As Nigeria struggles to wiggle out of economic recession, the woes of the country might have been compounded by a drastic drain in national revenue.
Revenue shared by Nigeria’s Federal, states and local governments slumped to N467.8 billion in August, N184.2 billion less than the N652 billion shared in July. Kemi Adeosun, minister of finance said the shared amount was inclusive of Value Added Tax (VAT) of N80.53 billion.
In the breakdown of revenue given by her representative, Permanent Secretary, Mr Mahmoud Dutse, at the end of the monthly Federation Account Allocation Committee (FAAC) meeting on Tuesday in Abuja, Gross statutory revenue was put at N387.31 billion.
She said the decline in revenue was caused by a drastic fall in revenue from Companies Income Tax (CIT) due to the expiration of the deadline for filing tax returns.
She, however, said oil revenues recorded an increase due to rise in export sales by 62 million dollars. “The increase in the average price of crude oil from 50.27 dollars per barrel to 51.05 dollars per barrel and a significant increase in export volume by 1.20 million barrels resulted in increased revenue from export sales for the federation by 62 million dollars.
“Despite the increases, there were issues of leaking flow lines, shut-ins and shutdowns at terminals for maintenance.’’ Adeosun said the Federal Government received N193.04 billion, states N130.69 billion and local governments N98.01 billion.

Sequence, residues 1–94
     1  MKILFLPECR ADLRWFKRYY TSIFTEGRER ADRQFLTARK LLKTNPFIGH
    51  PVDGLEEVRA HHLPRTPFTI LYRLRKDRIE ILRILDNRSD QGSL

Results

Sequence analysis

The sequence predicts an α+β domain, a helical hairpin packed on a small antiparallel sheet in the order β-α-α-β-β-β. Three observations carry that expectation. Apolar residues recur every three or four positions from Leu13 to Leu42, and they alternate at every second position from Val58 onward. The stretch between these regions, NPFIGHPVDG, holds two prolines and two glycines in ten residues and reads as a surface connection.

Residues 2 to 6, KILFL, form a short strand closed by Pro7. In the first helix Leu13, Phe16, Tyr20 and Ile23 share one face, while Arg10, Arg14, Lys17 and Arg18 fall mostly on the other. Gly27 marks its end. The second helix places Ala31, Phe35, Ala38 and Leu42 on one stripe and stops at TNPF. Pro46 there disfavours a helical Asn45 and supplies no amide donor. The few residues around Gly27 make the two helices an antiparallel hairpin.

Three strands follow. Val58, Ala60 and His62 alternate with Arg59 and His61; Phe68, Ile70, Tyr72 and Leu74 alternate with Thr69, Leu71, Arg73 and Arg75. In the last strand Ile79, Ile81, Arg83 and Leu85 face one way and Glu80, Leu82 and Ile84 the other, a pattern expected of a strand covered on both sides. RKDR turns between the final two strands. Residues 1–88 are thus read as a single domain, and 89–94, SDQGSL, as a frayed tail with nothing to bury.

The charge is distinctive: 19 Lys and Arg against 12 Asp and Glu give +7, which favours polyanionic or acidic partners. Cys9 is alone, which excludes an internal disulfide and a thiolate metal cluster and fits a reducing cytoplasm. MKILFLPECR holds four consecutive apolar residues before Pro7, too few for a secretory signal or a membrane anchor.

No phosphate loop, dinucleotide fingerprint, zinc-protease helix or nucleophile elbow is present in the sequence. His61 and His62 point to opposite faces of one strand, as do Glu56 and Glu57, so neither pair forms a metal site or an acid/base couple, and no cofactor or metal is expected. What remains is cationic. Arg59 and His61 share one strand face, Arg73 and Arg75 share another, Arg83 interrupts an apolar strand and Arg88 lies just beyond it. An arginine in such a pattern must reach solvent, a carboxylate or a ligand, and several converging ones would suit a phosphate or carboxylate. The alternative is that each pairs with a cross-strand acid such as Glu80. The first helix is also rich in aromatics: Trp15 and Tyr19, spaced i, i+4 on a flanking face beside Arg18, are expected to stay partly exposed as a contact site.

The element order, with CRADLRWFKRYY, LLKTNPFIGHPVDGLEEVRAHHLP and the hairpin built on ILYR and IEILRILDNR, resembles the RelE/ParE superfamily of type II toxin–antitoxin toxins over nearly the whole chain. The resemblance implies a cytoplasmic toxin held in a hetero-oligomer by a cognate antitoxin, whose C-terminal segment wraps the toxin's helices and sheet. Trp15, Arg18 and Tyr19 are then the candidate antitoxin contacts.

She also said N31.59 billion was given to the nine oil producing states as their 13 per cent derivation. She put the balance in the Excess Crude Account (ECA) at 2.3 billion dollars. Mr Mahmud Yunusa, Chairman, Forum of Finance Commissioners, said it was time for the states to begin to look inwards to shore up their revenue.
“States will explore other options of revenue to depend less on revenue from the centre.
“We need to block leakages in revenue and come up with reforms to shore up revenue.
“We are also working on cost of running governance and any cost that is not necessary in running government needed to be reduced.”
He said reforms were currently on in the states to optimise the collection processes for revenue, adding that he was optimistic it would reduce dependence on revenue from the centre to about 50 to 60 per cent.